As I look back on the first 12 months of DC’s “New 52″ (when do we stop calling it that?), I realize that it really has defied my expectations — but not in the way I expected. I had kind of assumed that I would write some kind of companion piece to my previous “halfway” article, where I would sing the praises of DC’s groundbreaking moves, how isn’t it funny how we are so used to it, how we were all worried about it, blah blah blah.
Well, this is not that article. That might come, but for some reason, maybe because DC decided to do all of these “Zero” books (providing origin stories after introducing what were basically new origins a year ago), I am thinking less about the books and more about the paradigms that have shifted, both in DC and Marvel — because Marvel has clearly been going through a fair amount of redefining themselves!
The more I think about it, the more I have to tell you that I am embarrassed to admit how I still haven’t truly embraced Miles Morales as the new Ultimate Spider-Man. Not unlike dubstep, this might be one of those cultural/media/music milestones that I just cannot get myself to really want to care about. Now, this sounds harsh, I guess — Miles Morales represents a pretty bold move on Marvel’s part and has given Bendis an opportunity to tell some really good stories and introduce new characters, but I just find myself not caring at all. I just miss Peter Parker — I loved getting a chance to see Peter, Gwen, Mary Jane and Aunt May. I wasn’t until that (admitted contrived and overly sentimental, if not outright manipulative) Spider-Men miniseries that I realized just how much I was really enjoying where Peter’s story was going. One of the few books that I have been reading since getting back into comics over a decade ago was Ultimate Spider-Man and, for me, the book might as well been called Ultimate Peter Parker, because I got so much out of watching Peter come to grips with becoming a superhero. Same thing with all the other characters in Peter’s life — I truly cared about Peter, his friends and his family.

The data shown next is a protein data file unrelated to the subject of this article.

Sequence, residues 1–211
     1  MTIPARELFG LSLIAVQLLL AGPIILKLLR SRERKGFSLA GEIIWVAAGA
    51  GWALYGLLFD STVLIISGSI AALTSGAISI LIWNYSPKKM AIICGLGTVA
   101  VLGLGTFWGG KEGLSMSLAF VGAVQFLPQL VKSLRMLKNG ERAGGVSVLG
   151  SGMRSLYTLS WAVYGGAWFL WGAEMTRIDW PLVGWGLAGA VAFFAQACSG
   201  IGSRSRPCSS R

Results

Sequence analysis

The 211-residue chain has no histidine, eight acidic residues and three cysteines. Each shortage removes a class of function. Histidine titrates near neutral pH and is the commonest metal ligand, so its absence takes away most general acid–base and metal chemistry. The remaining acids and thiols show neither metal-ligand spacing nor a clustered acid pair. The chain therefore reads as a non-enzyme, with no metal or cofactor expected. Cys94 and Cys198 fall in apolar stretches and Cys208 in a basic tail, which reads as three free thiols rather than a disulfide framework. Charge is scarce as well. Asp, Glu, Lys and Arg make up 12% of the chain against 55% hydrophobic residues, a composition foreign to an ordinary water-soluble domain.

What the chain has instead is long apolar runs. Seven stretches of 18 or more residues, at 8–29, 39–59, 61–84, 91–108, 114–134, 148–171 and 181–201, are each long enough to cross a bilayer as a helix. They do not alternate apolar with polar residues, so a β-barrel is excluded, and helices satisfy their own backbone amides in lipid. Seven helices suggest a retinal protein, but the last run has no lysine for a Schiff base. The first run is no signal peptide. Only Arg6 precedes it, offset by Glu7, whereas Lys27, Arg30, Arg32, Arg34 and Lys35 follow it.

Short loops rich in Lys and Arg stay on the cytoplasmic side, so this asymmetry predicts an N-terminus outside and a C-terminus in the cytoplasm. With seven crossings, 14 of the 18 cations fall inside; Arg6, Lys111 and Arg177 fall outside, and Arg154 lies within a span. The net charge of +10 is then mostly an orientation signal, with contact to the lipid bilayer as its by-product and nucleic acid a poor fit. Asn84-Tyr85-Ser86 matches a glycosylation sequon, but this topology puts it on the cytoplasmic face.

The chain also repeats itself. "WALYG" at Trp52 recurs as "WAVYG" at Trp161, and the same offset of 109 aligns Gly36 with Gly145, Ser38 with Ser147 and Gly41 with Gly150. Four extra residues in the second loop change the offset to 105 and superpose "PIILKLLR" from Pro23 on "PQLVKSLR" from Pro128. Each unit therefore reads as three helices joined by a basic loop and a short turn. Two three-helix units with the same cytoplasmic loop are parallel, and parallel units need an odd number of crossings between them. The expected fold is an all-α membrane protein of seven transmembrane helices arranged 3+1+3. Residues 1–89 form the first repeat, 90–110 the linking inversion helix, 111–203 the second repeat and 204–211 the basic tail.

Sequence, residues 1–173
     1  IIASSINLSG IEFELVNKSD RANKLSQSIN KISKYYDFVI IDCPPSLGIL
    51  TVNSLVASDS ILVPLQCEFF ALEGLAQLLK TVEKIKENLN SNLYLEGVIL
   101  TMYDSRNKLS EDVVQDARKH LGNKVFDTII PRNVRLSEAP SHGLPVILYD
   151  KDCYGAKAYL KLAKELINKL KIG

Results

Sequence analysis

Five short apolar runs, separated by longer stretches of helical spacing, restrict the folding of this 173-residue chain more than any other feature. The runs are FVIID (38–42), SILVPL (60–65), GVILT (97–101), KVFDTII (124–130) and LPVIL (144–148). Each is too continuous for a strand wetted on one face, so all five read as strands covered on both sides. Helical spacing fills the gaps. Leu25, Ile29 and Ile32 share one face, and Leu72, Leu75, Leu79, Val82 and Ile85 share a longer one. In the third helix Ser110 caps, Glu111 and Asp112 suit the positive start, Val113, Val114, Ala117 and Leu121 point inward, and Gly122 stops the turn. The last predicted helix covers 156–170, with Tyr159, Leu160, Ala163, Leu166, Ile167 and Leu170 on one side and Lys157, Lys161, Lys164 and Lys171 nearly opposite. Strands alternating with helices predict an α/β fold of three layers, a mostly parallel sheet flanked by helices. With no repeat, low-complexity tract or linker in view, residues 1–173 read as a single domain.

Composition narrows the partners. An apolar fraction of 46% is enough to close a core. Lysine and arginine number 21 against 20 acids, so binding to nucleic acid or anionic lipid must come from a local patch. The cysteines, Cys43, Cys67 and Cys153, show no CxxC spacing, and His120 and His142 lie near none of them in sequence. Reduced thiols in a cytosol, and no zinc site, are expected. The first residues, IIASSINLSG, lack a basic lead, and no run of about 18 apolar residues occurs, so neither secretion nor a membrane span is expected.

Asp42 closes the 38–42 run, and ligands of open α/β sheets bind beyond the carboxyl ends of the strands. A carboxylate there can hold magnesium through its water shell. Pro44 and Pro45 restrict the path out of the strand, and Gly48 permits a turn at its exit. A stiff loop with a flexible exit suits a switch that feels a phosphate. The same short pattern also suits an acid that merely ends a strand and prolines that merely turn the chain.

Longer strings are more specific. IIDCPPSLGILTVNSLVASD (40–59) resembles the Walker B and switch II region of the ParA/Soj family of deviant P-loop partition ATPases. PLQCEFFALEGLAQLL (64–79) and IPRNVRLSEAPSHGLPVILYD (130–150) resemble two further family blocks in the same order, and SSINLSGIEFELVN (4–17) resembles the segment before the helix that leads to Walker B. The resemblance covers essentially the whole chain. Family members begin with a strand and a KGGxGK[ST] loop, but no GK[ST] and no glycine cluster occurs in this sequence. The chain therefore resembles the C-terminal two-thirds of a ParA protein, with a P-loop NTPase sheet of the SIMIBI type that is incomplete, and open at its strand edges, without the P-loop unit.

Now, it is a testament to Bendis, Bagley, and everyone involved with making the book to have created a story that resonates so deeply with me personally that I feel this vague distrust and frustration with the current incarnation of Ultimate Spider-Man, but I honestly just don’t feel it. Perhaps it is because it comes out less often than before that I just haven’t spent enough time with the characters.
No, it is because I miss the teenage Peter Parker as written by Brian Michael Bendis. That really is it. And here I am, months and months later, still lamenting his death. The death of a comic book character. Lamenting.
What an odd thing, to be a comic book fan.
I wonder if this is what what people felt like when Jean Grey died? Or when Supergirl was killed? I remember hearing about Barry Allen dying, but wasn’t “there” to experience it. I wasn’t around to see it, but was there a similar kind of frustration when Wally became The Flash or was it more of a “well that makes sense” kind of thing, like when Dick started wearing the Bat-cowl?
My gut says no. My gut says that that Marvel did something pretty amazing, inasmuch as there was no natural successor to Spider-Man, something that was really kind of daring and, in the end, polarizing. And I don’t buy the notion that I can get my Peter Parker “fix” by reading the other Spider-books. Peter Parker in the Ultimate Universe was a unique character, truly